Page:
2. The Noise Reduction Rating (NRR) is an estimate of the average sound level reduction or attenuation provided by an HPD in a laboratory environment. It is not an accurate predictor of an individual’s protection from noise exposure. NIOSH recommends subtracting 7dB from the NRR, if noise is measured on a dBA scale (A-weighted decibel scale), and division of the result by 2. The NRR derating scheme can be found in ANSI’s CSA Z94.2-14 Hearing Protection Devices Standards. However, all derating schemes come up short as none tells the individual user his/her actual attenuation.
3. The user’s personal attenuation rating (PAR) from individual fit testing. The PAR is an actual attenuation value measured for an individual earplug fitting., HPD fit testing is an OSHA Best Practice and is currently the only way know how much attenuation an individual worker is capable of receiving from his or her hearing protection.
4. Ease-of-fit and in-ear comfort for workers. This has a heavy impact on the effectiveness of an HPD. If the hearing protector isn’t comfortable, it is less likely to be worn—or worn correctly—and provide the noise reduction it was designed to offer.
Types of earplugs
Earplugs provide an air-tight seal of the ear canal. They come with different attenuation ratings (NRRs) for different noise levels.
They can be either disposable (single-use) or reusable (multiple use).
Foam earplugs are affordable, effective and easy to use. They conform to the shape of the ear canal and change shape dynamically to accommodate jaw movement from chewing, talking, etc. That’s what makes them particularly effective and one of the reasons they provide the highest attenuations of any HPDs.
Banded earplugs are connected by a flexible band and are suitable for people who move in and out of noisy areas. They are worn under the chin can be easily stored around the neck when not in use.
Detectable earplugs are designed for high-visibility and detectability by a variety of methods in processing environments where foreign material contamination must be avoided.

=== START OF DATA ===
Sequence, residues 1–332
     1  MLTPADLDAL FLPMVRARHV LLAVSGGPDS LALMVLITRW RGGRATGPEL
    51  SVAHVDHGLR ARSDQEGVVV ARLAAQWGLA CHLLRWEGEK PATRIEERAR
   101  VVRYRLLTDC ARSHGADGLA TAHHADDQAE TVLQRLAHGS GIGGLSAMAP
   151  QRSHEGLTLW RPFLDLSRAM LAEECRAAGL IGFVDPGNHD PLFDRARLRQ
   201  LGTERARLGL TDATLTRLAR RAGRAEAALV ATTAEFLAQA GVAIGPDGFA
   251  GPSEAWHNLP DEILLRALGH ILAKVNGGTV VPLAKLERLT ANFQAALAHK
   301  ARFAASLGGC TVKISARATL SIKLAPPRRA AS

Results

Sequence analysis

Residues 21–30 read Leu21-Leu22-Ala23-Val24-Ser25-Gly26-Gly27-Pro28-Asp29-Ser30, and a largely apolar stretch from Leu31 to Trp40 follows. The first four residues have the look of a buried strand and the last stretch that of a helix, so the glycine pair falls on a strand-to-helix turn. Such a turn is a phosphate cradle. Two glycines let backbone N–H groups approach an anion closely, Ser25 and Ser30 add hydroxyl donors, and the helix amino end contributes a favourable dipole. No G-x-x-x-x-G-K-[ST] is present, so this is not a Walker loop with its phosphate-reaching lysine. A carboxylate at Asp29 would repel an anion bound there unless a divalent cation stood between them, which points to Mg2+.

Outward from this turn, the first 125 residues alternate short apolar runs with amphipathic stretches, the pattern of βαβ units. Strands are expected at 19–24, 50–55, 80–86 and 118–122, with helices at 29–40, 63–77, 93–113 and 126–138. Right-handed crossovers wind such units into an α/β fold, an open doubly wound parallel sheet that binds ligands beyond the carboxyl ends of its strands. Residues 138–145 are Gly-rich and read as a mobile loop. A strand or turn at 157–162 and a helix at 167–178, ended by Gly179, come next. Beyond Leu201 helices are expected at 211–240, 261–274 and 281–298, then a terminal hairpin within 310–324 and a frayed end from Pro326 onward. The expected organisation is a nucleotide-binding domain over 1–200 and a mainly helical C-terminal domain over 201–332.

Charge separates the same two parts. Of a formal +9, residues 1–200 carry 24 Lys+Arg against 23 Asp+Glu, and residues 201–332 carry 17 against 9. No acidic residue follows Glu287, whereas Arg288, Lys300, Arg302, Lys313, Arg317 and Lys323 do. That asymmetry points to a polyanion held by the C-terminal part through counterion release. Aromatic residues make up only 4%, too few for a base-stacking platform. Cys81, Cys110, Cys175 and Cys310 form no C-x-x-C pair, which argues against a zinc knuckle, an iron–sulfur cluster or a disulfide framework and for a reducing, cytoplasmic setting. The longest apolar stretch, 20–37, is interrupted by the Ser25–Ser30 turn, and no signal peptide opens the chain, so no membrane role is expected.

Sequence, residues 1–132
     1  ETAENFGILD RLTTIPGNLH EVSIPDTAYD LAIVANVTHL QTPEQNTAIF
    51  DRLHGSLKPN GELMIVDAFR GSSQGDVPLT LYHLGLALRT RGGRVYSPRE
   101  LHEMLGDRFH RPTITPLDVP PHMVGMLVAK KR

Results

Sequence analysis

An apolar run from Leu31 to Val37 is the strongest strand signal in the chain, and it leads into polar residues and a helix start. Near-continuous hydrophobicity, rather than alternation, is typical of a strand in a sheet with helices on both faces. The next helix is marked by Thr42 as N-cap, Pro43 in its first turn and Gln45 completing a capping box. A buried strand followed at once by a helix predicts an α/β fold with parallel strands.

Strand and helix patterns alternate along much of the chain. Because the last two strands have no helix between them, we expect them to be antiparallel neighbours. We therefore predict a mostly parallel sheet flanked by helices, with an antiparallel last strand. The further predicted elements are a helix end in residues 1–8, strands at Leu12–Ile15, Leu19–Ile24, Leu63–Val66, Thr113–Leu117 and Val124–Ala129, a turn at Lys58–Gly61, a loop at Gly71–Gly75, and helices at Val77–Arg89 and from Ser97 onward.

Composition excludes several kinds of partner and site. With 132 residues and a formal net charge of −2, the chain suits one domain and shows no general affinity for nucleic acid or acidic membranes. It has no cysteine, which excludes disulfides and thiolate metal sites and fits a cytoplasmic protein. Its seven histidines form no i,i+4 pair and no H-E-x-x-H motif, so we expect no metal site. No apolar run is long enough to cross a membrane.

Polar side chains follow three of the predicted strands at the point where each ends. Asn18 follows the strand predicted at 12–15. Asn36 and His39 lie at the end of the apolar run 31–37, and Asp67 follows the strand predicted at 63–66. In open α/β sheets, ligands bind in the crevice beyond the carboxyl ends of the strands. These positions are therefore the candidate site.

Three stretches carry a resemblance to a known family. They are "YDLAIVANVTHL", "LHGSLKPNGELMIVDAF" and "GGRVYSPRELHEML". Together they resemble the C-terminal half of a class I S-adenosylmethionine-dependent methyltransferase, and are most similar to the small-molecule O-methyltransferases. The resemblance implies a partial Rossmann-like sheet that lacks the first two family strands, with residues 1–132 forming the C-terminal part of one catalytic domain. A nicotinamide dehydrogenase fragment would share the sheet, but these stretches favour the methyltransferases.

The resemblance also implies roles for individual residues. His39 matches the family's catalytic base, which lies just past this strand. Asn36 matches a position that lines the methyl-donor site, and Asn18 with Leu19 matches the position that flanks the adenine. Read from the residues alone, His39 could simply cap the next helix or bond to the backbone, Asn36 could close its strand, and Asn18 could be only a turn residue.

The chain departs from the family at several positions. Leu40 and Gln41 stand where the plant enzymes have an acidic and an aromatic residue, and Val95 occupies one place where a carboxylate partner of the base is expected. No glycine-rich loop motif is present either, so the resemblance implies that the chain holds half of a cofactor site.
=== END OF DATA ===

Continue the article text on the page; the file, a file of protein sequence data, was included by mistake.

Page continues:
Regardless of the material, earplugs are most effective when the wearer has been properly trained on use and insertion. Read further to learn about how to achieve correct fit.
Made from rigid cups with soft cushions that seal around the ear, earmuffs come in a variety of shapes and sizes. Three common designs include: over-the-head, cap mounted and behind-the-neck.
To block noise effectively, a tight seal between the ear cushion and the head is critical. Gaps provide an easy path for sound to bypass the earcup, thus reducing the amount of attenuation provided by the earmuff.
Here is a useful video on how to achieve proper fit with earmuffs.
Why choose an earmuff over an earplug?
It’s easier to achieve proper fit with an earmuff, but earplugs typically provide higher noise reduction if used correctly. Obtaining correct deep insertion of an earplug is more challenging. Other advantages of earmuffs include convenient wearing during exposure to intermittent noise and more warmth in cold environments. Earmuffs can also be worn with hearing aids and are longer lasting. However, by comparison, earmuffs may become uncomfortable when used for longer periods of time and may be incompatible with other PPE such as hard hats or eyewear.
In some situations, PPE needs to preserve situational awareness and remain communication-friendly, preserving speech while protecting hearing.
Depending on the work environment, any hearing protection that reduces sound levels far below the OSHA-defined 85 dBA action level and interferes with communication may be considered overprotecting. The ideal HPD reduces hazardous noise levels to a safe range without overdoing it.
The best hearing protection devices have no value if they are not worn. Getting workers to wear HPDs starts with helping them understand the long-term implications of NIHL.
Here are some tactics to help workers start caring and become experts at identifying the early warning signs of NIHL:
- Discuss with employees their annual audiograms and explain the results
- Publish information on noise and noise levels
- Use audio demonstrations to illustrate the impact of hearing loss
- Use older, experienced employees as teachers and advocates: “When you teach, you learn twice”
- Reward workers who comply and assist their colleagues
- Encourage workers to take HPDs with them for use at home
One-to-one trainings are also effective in educating workers on how to use and maintain PPE.
By the way, here is a quick guide. on how to clean and care for hearing devices.
When it comes to timing, many employers find that the most effective time for administering hearing conservation training and fit testing is in conjunction with the annual audiometric testing, when the worker is tuned into his personal safety and health.
Finally, always make sure your program is running smoothly by constantly evaluating performance – asking for employee feedback, and reviewing responsibilities and records.
Hearing conservation is a serious issue. We're here to help. Here is a list of useful resources to help you get started in building a hearing conservation program within your organization.